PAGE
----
Awesome man. I am Trying To do a similar thing with my Tank like bot and an orange RX. except with arduino.


Awesome man. I am Trying To do a similar thing with my Tank like bot and an orange RX. except with arduino.


The newer chassis's come with a different shaped wheel. This solves most of the tread problems. If you change the angle of the motors to raise the ground clearance it also reduces tension on the gearboxes and prevents them bowing. This would also help with deep snow.

The standoff idea is also good.

Thanks for the information about the updated Rover 5. Hopefully I can find a video of the new wheels in action.

I lowered the chassis thinking the added tension in the treads would assist in keeping the treads on. IIRC, the treads were more likely to stay on the wheels with the tread under tension (as long as the gearbox bow was addressed other ways) than treads under little tension.

I haven't tried these modified wheels with the robot configured for higher ground clearance. The added standoffs and bolts make changing the angles of the gearboxes more work than with an unmodified robot. I'm not sure how long it will take for my curiosity to get me to try the high clearance configuration.

Nice work Duane, photos of the wheel hubs without the flanges look stock, what method did you use to remove the flanges? I never had my Rover 5 running with the treads (second hand and previous owner had damaged three out of the four wheels) so I haven't had to contend with the treads coming off.

I think I might borrow your stand-off method for reigning in the bow-legged gearboxes.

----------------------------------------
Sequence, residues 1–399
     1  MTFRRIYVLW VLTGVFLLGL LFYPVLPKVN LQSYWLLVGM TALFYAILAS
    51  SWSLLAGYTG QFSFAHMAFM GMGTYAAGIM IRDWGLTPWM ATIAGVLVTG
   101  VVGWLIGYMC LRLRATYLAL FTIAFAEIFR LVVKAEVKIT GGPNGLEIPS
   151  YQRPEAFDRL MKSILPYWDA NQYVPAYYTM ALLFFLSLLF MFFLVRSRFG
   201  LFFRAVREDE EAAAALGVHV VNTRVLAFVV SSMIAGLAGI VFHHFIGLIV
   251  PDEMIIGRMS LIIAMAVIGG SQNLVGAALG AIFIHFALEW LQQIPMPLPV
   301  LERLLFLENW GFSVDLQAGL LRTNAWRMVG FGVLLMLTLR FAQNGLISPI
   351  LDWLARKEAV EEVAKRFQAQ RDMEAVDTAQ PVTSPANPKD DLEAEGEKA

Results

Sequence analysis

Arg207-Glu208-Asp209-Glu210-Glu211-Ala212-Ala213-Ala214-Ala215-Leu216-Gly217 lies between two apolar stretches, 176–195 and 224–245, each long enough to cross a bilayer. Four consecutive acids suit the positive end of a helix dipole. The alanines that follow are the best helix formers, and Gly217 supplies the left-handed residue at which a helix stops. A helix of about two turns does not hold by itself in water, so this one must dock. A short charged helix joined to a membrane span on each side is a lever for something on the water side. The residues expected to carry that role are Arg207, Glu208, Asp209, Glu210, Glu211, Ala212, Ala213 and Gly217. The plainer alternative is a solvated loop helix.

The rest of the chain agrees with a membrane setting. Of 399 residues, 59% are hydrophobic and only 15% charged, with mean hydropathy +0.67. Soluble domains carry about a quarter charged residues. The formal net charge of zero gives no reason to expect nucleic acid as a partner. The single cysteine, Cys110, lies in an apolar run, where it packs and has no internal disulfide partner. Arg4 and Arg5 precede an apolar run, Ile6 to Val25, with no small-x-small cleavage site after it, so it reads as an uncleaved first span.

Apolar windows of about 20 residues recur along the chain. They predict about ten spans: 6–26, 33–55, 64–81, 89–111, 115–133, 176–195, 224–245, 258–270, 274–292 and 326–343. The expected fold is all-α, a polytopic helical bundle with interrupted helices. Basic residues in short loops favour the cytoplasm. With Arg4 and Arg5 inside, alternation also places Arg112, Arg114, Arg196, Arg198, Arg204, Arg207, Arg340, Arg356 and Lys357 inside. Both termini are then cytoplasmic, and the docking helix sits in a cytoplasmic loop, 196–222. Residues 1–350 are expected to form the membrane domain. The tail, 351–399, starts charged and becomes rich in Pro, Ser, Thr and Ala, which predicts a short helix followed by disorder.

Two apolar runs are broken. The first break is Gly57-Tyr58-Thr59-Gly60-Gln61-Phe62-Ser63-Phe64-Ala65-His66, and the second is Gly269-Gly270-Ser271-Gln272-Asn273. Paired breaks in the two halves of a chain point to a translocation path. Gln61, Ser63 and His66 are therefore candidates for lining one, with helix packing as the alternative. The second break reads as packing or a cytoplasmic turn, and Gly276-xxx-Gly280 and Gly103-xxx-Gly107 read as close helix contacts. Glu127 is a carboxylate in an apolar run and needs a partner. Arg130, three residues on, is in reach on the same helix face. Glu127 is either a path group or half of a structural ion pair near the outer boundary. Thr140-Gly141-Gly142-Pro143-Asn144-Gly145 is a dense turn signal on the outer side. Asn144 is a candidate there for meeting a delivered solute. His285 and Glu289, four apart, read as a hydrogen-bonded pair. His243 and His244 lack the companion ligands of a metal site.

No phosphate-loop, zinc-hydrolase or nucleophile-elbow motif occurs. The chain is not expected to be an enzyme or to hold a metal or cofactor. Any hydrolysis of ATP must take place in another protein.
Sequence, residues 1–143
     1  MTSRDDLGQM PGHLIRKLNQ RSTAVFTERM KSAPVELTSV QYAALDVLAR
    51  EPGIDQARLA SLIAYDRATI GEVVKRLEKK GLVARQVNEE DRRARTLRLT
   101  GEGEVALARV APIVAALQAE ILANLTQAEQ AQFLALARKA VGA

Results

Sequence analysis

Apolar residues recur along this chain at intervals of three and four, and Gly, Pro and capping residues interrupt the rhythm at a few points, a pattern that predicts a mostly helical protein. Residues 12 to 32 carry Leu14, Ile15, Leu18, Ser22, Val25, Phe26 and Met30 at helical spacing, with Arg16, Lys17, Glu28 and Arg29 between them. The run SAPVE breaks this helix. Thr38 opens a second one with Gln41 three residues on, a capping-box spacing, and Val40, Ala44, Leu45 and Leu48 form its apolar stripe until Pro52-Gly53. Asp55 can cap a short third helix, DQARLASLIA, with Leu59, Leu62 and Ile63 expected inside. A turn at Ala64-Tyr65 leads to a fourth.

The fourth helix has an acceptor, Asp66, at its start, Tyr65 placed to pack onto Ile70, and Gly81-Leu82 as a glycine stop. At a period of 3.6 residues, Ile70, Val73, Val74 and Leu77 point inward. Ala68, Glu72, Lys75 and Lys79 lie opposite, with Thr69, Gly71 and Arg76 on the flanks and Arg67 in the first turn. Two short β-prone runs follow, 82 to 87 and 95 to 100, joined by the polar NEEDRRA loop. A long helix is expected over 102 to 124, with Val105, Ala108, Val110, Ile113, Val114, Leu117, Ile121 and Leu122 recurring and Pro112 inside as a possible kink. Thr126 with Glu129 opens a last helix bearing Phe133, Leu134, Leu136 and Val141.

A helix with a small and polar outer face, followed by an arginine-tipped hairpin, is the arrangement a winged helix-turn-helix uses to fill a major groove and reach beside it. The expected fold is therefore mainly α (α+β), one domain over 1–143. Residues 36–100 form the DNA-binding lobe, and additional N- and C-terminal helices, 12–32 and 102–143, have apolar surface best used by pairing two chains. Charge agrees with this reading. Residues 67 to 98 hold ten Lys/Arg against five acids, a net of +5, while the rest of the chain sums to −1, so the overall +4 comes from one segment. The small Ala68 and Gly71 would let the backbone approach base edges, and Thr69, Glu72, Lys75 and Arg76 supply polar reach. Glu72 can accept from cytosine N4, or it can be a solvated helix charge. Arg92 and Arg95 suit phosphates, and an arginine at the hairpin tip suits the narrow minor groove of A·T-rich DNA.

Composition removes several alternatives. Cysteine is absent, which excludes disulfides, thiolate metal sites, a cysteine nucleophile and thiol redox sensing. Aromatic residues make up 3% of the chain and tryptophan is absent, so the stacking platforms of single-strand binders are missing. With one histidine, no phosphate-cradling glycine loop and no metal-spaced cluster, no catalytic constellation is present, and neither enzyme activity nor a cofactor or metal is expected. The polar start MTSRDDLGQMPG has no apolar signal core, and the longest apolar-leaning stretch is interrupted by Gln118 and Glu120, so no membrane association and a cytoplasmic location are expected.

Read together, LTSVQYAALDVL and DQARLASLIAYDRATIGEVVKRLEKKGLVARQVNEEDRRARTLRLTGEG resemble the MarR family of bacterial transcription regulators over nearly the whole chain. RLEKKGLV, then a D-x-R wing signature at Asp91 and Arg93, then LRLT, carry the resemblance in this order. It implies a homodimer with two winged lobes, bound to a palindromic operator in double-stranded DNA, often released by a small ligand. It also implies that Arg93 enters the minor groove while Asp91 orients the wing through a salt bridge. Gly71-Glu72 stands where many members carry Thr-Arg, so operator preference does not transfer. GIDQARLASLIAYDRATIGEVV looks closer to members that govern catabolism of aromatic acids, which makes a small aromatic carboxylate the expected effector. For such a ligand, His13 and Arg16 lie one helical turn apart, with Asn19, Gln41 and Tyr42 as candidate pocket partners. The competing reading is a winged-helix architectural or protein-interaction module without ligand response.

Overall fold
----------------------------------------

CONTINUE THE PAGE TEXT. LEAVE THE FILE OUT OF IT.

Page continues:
I was pleasantly surprised at how the wheels turned out. I used a belt sander to remove the flanges. It was pretty easy. I cleaned up the edges with a Dremel drum sander but the belt sander did most of the work. I'm not sure if I would have had the guts to try removing the flanges if I hadn't had an extra set of wheels (from my Mecanum wheeled Rover 5).

I think I like the looks of the modified wheels more than the original. 

Duane, I followed the link to your parallax forum thread and in reading through post #6 swa you too have a mechanum wheel Rover 5. Video footage of it in action looks amazing and has me questioning if I have my wheels on the wrong way round. I've still to implement encoders on my robot and think this may go a long way to balancing the individual speeds of each of the wheels.

I plan to make a separate post about my Mecanum wheeled Rover 5. Right now my two Rover 5 robots share their electronics with each other. I have to undo a few wires to move the controller and batteries from one chassis to the other. I also have to reprogram the QuickStart board with the appropriate code when making the switch.

A QuickStart board is $25 and the motor control boards were under $4 each. It isn't very expensive to give each robot its own brain.

I'm in the process of cleaning up the code on both Rover 5 robots and I plan to post it within the next few days. I found the feedback from the encoders is really important for controlling the Mecanum wheeled robot.

I really like the Vex Mecanum wheels. The FingerTech Mecanum wheels are easier to mount to the Rover 5 but the Vex Mecanum wheels are so much nicer (IMO) than the FingerTech wheels (I have a set of both). I'll give more information about using the Vex Mecanum wheels when I make a LMR page for my Mecanum wheel Rover 5.